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The Sign of the Four by Sir Arthur Conan Doyle

The Sign of the Four by Sir Arthur Conan Doyle (unabridged audiobook read by David Timson; 4.5 hrs on 4 discs): This second novel of Holmes’s adventures is a tale of stolen treasure, betrayal, and of course murder. Holmes is his usual self, driving the police absolutely mad with just how right he is all the time. One of the things that most captivates me about Sherlock Holmes’s detective work is that it all takes place before the advent of fingerprinting. There are so many inferences he would never need to make today if he could show who touched what. Anyway, back to the story. The plot was pleasantly complex. Watson’s romance was adorable. My favorite part, though, was when the pair found themselves on the wrong trail and suddenly burst into laughter. While I certainly enjoy witnessing Holmes’s amazing (and often unlikely) feats of deduction and inference, its his friendship with Watson that truly makes the stories come alive.

A Study in Scarlet by Sir Arthur Conan Doyle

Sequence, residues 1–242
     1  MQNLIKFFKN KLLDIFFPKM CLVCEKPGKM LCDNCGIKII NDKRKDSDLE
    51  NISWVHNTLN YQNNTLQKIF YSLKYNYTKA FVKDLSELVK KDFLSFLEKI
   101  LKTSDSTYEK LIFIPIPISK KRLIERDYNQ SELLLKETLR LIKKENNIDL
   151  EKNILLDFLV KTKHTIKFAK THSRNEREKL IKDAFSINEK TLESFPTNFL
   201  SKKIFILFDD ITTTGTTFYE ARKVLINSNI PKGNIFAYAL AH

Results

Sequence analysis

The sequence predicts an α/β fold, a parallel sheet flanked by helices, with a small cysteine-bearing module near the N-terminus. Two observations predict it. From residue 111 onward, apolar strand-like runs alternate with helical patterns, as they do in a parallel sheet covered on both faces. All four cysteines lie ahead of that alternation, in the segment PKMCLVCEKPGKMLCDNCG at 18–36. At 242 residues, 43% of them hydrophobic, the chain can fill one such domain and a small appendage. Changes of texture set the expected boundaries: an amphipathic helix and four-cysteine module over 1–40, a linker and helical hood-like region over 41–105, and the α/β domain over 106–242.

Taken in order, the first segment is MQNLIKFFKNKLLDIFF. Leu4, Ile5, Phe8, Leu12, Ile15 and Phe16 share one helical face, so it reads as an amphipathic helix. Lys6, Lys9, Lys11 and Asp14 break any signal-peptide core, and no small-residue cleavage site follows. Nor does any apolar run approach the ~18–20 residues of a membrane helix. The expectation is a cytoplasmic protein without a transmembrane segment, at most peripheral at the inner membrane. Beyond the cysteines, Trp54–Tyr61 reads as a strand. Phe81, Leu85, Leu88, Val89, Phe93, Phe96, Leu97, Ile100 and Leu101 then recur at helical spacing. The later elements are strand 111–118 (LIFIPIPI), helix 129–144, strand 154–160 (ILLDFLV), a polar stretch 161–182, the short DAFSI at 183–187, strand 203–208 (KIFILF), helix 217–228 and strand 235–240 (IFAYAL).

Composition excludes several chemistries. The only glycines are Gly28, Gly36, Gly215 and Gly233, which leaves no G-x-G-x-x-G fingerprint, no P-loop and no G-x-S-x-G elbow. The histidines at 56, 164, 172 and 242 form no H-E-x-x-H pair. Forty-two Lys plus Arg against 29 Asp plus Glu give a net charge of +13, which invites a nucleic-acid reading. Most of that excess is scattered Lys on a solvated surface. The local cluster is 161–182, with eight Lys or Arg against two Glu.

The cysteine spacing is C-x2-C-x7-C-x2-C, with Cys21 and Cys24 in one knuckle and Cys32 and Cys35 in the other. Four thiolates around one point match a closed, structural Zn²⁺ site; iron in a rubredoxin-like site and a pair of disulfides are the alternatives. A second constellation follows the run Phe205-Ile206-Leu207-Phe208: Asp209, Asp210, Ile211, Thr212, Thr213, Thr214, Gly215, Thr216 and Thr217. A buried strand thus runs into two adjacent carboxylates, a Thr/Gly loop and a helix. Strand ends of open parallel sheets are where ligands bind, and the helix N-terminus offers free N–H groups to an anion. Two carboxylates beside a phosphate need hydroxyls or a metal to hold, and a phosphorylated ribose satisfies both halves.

A Study in Scarlet by Sir Arthur Conan Doyle (unabridged audiobook read by David Timson; 4 hrs 45 min on 4 discs): I confess, I was mostly interested in reading this after seeing the episode of the new BBC series Sherlock inspired by it, “A Study in Pink”. (And then I promptly re-watched the episode and understood a whole bunch more of the jokes.) The first part is fairly straightforward, starting with the meeting of Holmes and Watson and following through a couple of murder investigations that appear to be linked. Once they’ve caught the criminal, there’s a huge shift in narrative and suddenly we’re in Utah with evil Mormons. It was almost too random to be offensive, really. This turns out to be the backstory and motive of the killer, but it takes a while before that’s evident. I am hesitant to offer this up as a good introduction to Sherlock Holmes, since it is so dated, but the mystery part of it is actually quite fun. Definitely going to have to pick up some more of Holmes’s adventures.

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